# Why do physicists use a positive sign for the Fourier kernel / outward propagating waves? [closed]

I am not a physicist but rather an engineer / mathematician, so I've always wondered why is it that physicists use the positive sign convention in the forward Fourier transform. That is, in all of my physics classes, I've seen the forward Fourier transform written as

$$\mathcal{F}\left\{f\left(t\right)\right\}\left(\omega\right) = \int\limits_{-\infty}^{\infty} f\left(t\right) e^{+i\omega t}dt$$

and the inverse Fourier transform written as

$$\mathcal{F}^{-1}\left\{F\left(\omega\right)\right\}\left(t\right) = \int\limits_{-\infty}^{\infty} F\left(\omega\right) e^{-i\omega t}d\omega$$

The reason mathematicians and engineers use the opposite (and what I consider standard) convention is to connect the Fourier transform to the bilateral Laplace transform evaluated on the imaginary axis. If we used the positive sign convention, it gets a little wonky since you're technically evaluating the inverse Laplace transform, which is generally done using contour integration techniques. I believe the convergence of the forward Laplace transform integral requires a negative kernel $e^{-st}$, but I may be wrong? Please correct me if so :-)

Also, I know that physicists like to write the positive, outwardly propagating, time-harmonic wave as $e^{+i\omega t} u\left(x\right)$. In engineering (particularly electromagnetics / antennas), we use $e^{-i\omega t} u\left(x\right)$ and so the Sommerfeld condition reads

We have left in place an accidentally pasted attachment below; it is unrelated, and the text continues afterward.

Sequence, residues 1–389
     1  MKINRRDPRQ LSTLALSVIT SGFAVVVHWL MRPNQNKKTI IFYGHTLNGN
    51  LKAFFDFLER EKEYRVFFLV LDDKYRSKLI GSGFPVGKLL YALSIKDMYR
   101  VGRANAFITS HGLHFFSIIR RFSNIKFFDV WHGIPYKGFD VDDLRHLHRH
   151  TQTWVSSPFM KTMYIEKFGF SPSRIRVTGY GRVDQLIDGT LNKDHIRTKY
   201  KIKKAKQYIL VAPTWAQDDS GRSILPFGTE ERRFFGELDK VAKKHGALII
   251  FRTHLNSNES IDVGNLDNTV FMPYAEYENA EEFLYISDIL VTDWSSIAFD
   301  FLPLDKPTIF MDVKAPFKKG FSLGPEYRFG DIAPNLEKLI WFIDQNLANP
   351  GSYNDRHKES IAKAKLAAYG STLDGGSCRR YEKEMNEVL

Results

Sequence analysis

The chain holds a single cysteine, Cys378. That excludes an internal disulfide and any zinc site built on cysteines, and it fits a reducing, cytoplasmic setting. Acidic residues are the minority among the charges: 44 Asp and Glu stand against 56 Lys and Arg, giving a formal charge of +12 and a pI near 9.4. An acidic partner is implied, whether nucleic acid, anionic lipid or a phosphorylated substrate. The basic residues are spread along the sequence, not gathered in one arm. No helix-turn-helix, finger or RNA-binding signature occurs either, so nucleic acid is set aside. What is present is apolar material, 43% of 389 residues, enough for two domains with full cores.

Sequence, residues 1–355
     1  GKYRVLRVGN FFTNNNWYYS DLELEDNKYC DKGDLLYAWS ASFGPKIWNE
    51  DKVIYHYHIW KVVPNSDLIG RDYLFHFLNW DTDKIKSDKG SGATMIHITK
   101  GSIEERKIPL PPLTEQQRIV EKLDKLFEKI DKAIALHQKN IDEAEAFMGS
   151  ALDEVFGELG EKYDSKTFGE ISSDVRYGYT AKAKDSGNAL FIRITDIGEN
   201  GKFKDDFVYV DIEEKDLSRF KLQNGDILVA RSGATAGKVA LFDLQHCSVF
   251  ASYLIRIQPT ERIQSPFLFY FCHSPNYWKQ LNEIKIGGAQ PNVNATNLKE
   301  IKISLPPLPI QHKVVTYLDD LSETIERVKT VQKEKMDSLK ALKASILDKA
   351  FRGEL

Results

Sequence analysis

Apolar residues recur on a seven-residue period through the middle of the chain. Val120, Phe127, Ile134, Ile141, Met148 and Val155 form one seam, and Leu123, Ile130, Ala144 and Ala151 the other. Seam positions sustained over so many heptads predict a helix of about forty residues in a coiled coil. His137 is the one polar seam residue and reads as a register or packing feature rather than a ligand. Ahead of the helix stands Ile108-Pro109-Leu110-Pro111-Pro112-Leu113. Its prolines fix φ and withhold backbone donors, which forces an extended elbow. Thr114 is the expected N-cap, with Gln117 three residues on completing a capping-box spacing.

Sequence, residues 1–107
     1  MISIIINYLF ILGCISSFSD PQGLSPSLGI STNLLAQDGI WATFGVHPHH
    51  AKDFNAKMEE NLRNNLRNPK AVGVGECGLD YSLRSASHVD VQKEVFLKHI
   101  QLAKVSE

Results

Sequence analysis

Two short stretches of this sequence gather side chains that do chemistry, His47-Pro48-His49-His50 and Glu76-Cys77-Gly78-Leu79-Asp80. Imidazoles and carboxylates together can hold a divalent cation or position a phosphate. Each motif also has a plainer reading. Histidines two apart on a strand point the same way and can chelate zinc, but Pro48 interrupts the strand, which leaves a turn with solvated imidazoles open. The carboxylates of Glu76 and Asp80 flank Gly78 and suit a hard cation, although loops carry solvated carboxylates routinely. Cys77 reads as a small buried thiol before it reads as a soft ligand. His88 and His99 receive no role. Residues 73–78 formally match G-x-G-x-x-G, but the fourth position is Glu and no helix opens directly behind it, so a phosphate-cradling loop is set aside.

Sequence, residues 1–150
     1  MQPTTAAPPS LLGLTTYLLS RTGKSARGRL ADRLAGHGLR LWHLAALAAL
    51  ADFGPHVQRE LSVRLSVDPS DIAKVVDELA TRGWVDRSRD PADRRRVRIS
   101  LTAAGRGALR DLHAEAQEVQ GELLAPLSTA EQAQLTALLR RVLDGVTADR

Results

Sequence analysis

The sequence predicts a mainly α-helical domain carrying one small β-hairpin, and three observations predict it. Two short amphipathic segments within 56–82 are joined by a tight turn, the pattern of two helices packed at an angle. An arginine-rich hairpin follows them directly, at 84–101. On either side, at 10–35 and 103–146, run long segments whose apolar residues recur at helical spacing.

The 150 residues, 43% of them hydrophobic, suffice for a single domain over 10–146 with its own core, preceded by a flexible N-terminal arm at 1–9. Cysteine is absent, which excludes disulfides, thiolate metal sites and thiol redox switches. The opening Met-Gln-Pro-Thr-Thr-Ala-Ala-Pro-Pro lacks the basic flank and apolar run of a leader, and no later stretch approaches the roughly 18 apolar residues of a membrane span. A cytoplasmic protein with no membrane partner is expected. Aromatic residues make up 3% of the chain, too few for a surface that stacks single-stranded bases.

$$\lim_{\left|x\right| \rightarrow \infty} \left|x\right|^{\frac{n-1}{2}} \left(\frac{\partial}{\partial \left|x\right|} - ik\right) u\left(x\right) = 0$$

In the end, it doesn't really matter except maybe in connection to the Laplace transform, but I've just always been curious as to the physical explanation for using a positive sign.

## closed as off-topic by ACuriousMind♦, Kyle Kanos, HDE 226868, Sebastian Riese, JamalSNov 13 '15 at 13:05

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• I've always used the minus sign for the forward transform. That's how I learned, that's how many books present it. – QuantumBrick Nov 6 '15 at 13:40
• I'm voting to close this question as off-topic because it is a Why do we use this notation type question. – Kyle Kanos Nov 6 '15 at 14:11
• @KyleKanos As a non-physicist not too familiar with advanced QM, I did not know what to Google. I don't think that this question is off-topic as it was relevant here: physics.stackexchange.com/questions/9557/… However, I asked it how a mathematician / engineer would ask it. I really was just looking for a physical explanation as to why the convention is chosen. Conventions are used often to make some sort of physical justification. – AntennaGuy Nov 6 '15 at 15:29
• FYI, pretty much all the differences between physics and electrical engineering can be understood as the two groups taking different primitive 4th roots of unity as the imaginary unit. There are 2 such roots and algebraically they are indistinguishable. So just remember, $j = -i$. – user10851 Nov 9 '15 at 7:43
• @ChrisWhite I had a professor in undergrad who did that in his course notes. It's a really clever trick, but my goodness it's confusing. At this point in my life I just always specify my Fourier transform conventions explicitly. – DanielSank Nov 12 '15 at 2:56